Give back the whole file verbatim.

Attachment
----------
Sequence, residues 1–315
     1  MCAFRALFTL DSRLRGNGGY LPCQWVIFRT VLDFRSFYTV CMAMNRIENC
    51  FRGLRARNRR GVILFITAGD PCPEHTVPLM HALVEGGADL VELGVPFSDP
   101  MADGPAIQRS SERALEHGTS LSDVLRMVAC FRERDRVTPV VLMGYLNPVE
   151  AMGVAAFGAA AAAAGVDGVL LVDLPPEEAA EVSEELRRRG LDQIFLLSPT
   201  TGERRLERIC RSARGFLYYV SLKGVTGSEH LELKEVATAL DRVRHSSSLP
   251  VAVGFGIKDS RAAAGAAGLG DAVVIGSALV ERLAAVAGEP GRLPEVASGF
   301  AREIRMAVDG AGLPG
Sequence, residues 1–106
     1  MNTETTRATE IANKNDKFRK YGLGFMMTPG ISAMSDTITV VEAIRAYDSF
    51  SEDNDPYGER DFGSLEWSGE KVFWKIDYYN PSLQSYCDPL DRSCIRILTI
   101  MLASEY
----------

Sequence, residues 1–315
     1  MCAFRALFTL DSRLRGNGGY LPCQWVIFRT VLDFRSFYTV CMAMNRIENC
    51  FRGLRARNRR GVILFITAGD PCPEHTVPLM HALVEGGADL VELGVPFSDP
   101  MADGPAIQRS SERALEHGTS LSDVLRMVAC FRERDRVTPV VLMGYLNPVE
   151  AMGVAAFGAA AAAAGVDGVL LVDLPPEEAA EVSEELRRRG LDQIFLLSPT
   201  TGERRLERIC RSARGFLYYV SLKGVTGSEH LELKEVATAL DRVRHSSSLP
   251  VAVGFGIKDS RAAAGAAGLG DAVVIGSALV ERLAAVAGEP GRLPEVASGF
   301  AREIRMAVDG AGLPG
Sequence, residues 1–106
     1  MNTETTRATE IANKNDKFRK YGLGFMMTPG ISAMSDTITV VEAIRAYDSF
    51  SEDNDPYGER DFGSLEWSGE KVFWKIDYYN PSLQSYCDPL DRSCIRILTI
   101  MLASEY